In 1972, at the height of David Bowie's newly ignited fame, former label Pye unlocked the vault and produced an EP, the aptly subtitled "For the Collector – Early David Bowie," reprising four of the six songs Bowie recorded during 1965-1966. Since that time, those four (plus their two companions) have established themselves among the most frequently revisited songs in his entire catalog, reissued so frequently, and in so many different formats, that there truly cannot be a single Bowie fan left out there who doesn't own them at least three times over.
The Sound+Vision 4 cd boxset covers DAVID BOWIE s career from 1969 to 1994 starting with the acoustic demo version of his first hit, Space Oddity to the return to his Bromley roots for the soundtrack to Hanif Kureishi s The Buddha Of Suburbia which is often cited as the most underrated piece in the Bowie canon. Sound+Vision is a collection spanning four decades, covering the 21 albums from Space Oddity through to The Buddha Of Suburbia. It s a rich survey of David Bowie's many musical lives offering a generous helping of hits, an intriguing dip into archives, classic album tracks and long lost B-sides, explosive live recordings, soundtrack recordings and remixes.
The third installment in a comprehensive deluxe reissue series of David Bowie's entire catalog, A New Career in a New Town (1977-1982) chronicles perhaps the most artistically ambitious phase in Bowie's career – one that began with 1977's Low and concluded with 1980's Scary Monsters (And Super Creeps)…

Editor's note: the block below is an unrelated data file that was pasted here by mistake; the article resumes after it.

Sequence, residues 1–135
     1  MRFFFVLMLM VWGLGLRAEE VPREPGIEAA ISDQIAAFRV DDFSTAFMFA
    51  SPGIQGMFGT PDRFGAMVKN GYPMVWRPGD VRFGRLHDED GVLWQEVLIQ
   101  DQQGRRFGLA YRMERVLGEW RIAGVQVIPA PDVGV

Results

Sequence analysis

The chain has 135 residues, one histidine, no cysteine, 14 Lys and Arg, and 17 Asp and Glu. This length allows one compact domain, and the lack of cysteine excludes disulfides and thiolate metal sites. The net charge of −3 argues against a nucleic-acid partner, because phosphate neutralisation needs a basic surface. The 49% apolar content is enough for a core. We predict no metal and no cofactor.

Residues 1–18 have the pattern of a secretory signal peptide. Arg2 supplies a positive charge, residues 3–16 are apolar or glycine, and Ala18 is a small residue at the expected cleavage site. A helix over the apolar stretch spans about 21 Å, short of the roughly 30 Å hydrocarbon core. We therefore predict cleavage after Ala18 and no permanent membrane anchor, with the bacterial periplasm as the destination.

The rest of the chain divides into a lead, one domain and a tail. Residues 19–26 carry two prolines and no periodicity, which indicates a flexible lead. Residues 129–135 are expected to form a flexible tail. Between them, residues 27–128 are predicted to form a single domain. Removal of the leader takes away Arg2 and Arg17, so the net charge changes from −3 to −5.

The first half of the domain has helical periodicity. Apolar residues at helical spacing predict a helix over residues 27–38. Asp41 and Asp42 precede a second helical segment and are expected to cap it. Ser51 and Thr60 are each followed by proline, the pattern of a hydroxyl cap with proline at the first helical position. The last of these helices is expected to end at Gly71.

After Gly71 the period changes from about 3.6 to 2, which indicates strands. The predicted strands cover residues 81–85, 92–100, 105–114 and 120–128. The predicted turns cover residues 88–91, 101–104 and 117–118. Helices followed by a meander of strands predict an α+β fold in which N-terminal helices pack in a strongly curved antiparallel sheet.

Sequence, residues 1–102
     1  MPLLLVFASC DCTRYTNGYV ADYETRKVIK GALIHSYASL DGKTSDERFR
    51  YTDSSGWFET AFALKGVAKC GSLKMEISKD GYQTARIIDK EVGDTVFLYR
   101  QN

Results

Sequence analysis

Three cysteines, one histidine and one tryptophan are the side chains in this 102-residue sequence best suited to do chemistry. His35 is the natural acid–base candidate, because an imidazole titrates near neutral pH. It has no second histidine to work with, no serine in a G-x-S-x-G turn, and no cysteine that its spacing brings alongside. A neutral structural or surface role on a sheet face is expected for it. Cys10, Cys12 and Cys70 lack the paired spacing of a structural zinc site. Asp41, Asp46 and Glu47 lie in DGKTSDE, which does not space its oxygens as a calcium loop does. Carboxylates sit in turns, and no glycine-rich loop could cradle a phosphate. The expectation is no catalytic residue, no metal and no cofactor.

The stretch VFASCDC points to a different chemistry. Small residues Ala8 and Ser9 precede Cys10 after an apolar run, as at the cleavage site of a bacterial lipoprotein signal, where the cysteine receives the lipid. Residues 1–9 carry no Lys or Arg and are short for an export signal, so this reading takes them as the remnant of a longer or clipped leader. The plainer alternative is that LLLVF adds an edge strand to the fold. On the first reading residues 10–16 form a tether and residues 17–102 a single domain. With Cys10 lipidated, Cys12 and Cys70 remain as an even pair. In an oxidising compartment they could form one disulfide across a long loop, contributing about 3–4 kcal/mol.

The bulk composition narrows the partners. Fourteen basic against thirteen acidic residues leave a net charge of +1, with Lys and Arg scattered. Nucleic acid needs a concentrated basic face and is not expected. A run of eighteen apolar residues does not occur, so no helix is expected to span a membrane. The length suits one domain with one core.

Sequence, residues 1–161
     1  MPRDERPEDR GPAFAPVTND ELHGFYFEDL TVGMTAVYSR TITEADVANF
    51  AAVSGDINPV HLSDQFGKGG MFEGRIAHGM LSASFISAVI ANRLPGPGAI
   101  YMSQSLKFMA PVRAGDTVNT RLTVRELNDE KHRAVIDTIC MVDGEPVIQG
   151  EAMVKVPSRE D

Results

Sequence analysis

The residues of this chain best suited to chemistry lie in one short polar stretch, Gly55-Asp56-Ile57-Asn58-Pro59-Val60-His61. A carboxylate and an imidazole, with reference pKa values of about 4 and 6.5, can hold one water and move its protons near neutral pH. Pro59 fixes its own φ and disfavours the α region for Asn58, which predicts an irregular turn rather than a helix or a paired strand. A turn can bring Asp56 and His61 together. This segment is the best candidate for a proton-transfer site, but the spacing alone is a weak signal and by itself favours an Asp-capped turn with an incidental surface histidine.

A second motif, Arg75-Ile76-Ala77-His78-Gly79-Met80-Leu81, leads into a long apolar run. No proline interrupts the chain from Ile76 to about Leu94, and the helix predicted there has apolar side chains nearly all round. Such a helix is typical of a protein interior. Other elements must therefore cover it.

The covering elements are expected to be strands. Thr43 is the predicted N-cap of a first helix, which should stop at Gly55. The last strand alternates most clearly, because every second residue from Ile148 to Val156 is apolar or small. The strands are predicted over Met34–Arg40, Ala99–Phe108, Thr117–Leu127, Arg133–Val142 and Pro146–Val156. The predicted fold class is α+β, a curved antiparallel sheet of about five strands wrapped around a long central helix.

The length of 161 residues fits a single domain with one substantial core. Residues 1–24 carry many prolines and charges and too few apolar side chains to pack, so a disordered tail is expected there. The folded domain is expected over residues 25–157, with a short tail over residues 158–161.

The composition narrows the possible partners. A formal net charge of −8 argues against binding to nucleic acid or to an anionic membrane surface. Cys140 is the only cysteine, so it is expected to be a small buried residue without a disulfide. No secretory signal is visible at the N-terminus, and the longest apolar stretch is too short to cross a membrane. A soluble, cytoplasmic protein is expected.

"On the Outside tour, Bowie quietly served as a grounding point for Reznor; he offered, in his music and his performances, the potential of a future. … Bowie and Reznor designed an interim sequence to bridge their sets. There would be no NIN encore. Instead Bowie, then his band, would join NIN on stage, and then NIN would depart, leaving Reznor singing with Bowie's band. The concert featured on this remarkable 2CD set finds the entourage playing at The Riverport Amphitheatre in St Louis, Missouri, on 11th October 1995.
The original Affinity essentially survived for just one album, a superb, jazz-tinged effort released on the Vertigo label in 1971, and subsequently reissued on several occasions since then – a cottage industry that seems to have spawned more interest in the band today than they ever attracted during their career. Certainly few people were aware that the group continued on following the departure (for a solo career) of vocalist Linda Hoyle later in 1971, but this set – aptly titled for the timespan it covers – not only documents the band's further activities, it also suggests that their ultimate demise was far from timely. With Vivienne McAuliffe proving a more than ample replacement, Affinity continued both gigging and recording, and this collection of previously unreleased demos and outtakes finds the band in excellent form. One can only imagine how great they might have been, had they had a full studio (and a recording budget) at their disposal!